> >
      > >In such an application I find that some
      > designers/developers work
      > >very hard to make the application behave like it's
      > *not* running
      > >under a browser. Creating lots of intelligent
      > JavaScript client
      > >side, doing lots of work server side to preserve
      > state, using lots of
      > >complex browser specific layout client side to more
      > tightly control
      > >the look and feel, etc.. It's my opinion that all
      > this effort
      > >not only makes the application time consuming to
      > develop, delicate
      > >and tough to maintain, but confuses users. The
      > resulting app ends up
      > >being somewhere between client server and a website
      > type browser
      > >app. The application isn't able to leverage what
      > users may
      > >already know about running a browser or a client
      > server application.
      > >We end up teaching them this new form of
      > application behavior.
      > >
      > >Not sure if I'm being clear here, and can provide
      > some specific
      > >behavior examples if necessary. But, my real hope
      > is that someone
      > >knows what I'm talking about and has seen some
      > published
      > >discussion on this � and or can offer some personal
      > anecdotal
      > >information.
      > >
      > >Thanks in advance,
      > >
      > >-Jeff
      > >
      > >
      > >
      > >
      > >
      >
      >


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    • Jeff Patton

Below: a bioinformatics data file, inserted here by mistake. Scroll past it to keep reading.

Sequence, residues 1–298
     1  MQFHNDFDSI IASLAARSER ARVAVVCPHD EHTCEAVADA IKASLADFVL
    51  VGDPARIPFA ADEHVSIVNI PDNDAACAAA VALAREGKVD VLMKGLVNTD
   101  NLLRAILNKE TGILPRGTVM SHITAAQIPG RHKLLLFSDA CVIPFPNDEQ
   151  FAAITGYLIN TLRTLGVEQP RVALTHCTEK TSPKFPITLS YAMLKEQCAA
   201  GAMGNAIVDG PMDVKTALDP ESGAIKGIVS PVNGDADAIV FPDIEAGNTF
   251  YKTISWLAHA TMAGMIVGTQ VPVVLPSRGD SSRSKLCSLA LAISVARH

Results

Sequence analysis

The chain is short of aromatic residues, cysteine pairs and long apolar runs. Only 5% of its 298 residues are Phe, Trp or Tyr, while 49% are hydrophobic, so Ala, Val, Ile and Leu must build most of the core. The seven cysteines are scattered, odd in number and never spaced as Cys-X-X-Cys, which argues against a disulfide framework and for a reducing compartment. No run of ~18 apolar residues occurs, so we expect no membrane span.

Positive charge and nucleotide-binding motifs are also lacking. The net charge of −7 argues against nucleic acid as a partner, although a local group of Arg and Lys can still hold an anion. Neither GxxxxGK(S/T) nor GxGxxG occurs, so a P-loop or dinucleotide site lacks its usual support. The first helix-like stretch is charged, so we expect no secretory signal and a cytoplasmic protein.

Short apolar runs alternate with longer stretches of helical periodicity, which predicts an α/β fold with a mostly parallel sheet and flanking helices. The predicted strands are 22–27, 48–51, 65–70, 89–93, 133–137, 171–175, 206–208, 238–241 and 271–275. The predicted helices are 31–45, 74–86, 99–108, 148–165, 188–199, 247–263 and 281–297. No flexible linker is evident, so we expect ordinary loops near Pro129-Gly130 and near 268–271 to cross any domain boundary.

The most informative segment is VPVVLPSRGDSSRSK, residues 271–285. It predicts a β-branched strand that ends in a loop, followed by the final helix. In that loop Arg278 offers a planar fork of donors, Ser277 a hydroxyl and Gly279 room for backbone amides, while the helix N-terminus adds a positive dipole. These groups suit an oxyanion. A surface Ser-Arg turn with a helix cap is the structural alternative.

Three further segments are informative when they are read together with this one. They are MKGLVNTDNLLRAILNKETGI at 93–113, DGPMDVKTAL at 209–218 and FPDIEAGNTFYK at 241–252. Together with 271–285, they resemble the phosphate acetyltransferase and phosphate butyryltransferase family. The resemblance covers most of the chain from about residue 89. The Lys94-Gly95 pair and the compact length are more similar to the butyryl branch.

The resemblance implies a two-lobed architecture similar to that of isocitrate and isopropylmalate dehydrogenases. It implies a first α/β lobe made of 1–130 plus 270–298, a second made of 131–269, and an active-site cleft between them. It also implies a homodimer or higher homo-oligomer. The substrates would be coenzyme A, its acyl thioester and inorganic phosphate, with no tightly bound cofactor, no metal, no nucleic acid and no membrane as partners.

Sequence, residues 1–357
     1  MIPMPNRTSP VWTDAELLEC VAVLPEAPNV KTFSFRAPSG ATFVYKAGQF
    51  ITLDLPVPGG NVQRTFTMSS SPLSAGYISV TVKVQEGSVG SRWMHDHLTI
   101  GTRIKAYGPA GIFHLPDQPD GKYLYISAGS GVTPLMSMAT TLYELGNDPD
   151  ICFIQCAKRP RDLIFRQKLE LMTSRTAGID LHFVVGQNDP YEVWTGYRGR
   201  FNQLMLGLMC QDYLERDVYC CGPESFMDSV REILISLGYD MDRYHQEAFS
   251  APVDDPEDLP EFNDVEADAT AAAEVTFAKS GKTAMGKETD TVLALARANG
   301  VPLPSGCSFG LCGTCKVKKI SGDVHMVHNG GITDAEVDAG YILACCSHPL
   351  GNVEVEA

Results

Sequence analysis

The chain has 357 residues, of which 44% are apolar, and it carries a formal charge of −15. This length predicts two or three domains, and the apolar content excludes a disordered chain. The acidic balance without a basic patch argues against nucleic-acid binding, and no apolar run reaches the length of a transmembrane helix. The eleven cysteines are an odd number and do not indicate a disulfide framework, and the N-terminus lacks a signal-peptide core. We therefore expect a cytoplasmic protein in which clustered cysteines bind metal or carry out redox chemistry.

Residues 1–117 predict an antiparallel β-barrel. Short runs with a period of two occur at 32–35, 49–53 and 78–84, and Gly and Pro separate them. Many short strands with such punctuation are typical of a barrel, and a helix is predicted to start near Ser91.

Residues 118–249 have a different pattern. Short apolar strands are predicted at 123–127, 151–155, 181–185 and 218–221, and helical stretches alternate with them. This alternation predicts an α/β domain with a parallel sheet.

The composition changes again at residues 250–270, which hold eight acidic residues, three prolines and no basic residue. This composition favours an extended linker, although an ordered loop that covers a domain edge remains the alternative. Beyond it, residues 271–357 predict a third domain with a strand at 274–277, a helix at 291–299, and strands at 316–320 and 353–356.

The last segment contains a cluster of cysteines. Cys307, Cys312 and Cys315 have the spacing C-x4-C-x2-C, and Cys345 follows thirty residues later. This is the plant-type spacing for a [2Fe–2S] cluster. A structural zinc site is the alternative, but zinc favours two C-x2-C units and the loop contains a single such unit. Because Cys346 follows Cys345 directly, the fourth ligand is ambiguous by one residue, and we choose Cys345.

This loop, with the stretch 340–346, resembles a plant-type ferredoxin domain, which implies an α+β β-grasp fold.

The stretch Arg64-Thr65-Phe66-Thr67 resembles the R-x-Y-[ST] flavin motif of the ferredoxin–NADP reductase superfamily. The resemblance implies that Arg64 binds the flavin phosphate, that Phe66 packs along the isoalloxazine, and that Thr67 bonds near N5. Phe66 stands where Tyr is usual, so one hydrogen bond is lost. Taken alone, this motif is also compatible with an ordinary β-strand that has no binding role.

Larry s comments are indisputably correct. Certainly there s no need for a browser based application to look and feel like one simply for the sake of it.
      Message 2 of 5 , Sep 11, 2000
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        Larry's comments are indisputably correct. Certainly
        there's no need for a browser based application to
        look and feel like one simply for the sake of it.
        However your comments Hallvard do get at the meat of
        what I'm saying.

        By now there's a certain body of knowledge we can
        anticipate that users come to the computer with.
        Certainly that's gated by who the users are and the
        nature of the software, but in general with software
        built for frequent users we can expect understanding
        of some basic UI behavior - and even count on it. In
        a windows based application, I expect ctrl-c & ctrl-v
        to copy and paste. I expect file-save to be in the
        upper left hand corner of the UI.

        When I type a url into a browser I expect a certain
        bag of behavior as well. I certainly don't want to
        get reprimanded by the application for hitting the
        browser's "back" or "refresh" buttons as many
        applications pre-occupied with managing a stateful
        session tend to do. Nor do I have trouble